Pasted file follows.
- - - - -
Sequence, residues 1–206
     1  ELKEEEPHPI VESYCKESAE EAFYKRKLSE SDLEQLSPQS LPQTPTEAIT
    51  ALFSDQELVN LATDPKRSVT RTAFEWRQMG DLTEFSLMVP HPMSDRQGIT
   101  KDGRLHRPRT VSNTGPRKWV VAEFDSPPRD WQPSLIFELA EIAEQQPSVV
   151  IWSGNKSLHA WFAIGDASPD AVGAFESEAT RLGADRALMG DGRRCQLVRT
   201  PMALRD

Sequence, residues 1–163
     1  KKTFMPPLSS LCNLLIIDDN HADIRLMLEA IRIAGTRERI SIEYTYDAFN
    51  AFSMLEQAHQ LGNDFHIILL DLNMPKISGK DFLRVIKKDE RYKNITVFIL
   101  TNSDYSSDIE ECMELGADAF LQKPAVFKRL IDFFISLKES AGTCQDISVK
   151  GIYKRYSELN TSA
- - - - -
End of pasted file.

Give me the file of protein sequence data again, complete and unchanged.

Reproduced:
Sequence, residues 1–206
     1  ELKEEEPHPI VESYCKESAE EAFYKRKLSE SDLEQLSPQS LPQTPTEAIT
    51  ALFSDQELVN LATDPKRSVT RTAFEWRQMG DLTEFSLMVP HPMSDRQGIT
   101  KDGRLHRPRT VSNTGPRKWV VAEFDSPPRD WQPSLIFELA EIAEQQPSVV
   151  IWSGNKSLHA WFAIGDASPD AVGAFESEAT RLGADRALMG DGRRCQLVRT
   201  PMALRD

Sequence, residues 1–163
     1  KKTFMPPLSS LCNLLIIDDN HADIRLMLEA IRIAGTRERI SIEYTYDAFN
    51  AFSMLEQAHQ LGNDFHIILL DLNMPKISGK DFLRVIKKDE RYKNITVFIL
   101  TNSDYSSDIE ECMELGADAF LQKPAVFKRL IDFFISLKES AGTCQDISVK
   151  GIYKRYSELN TSA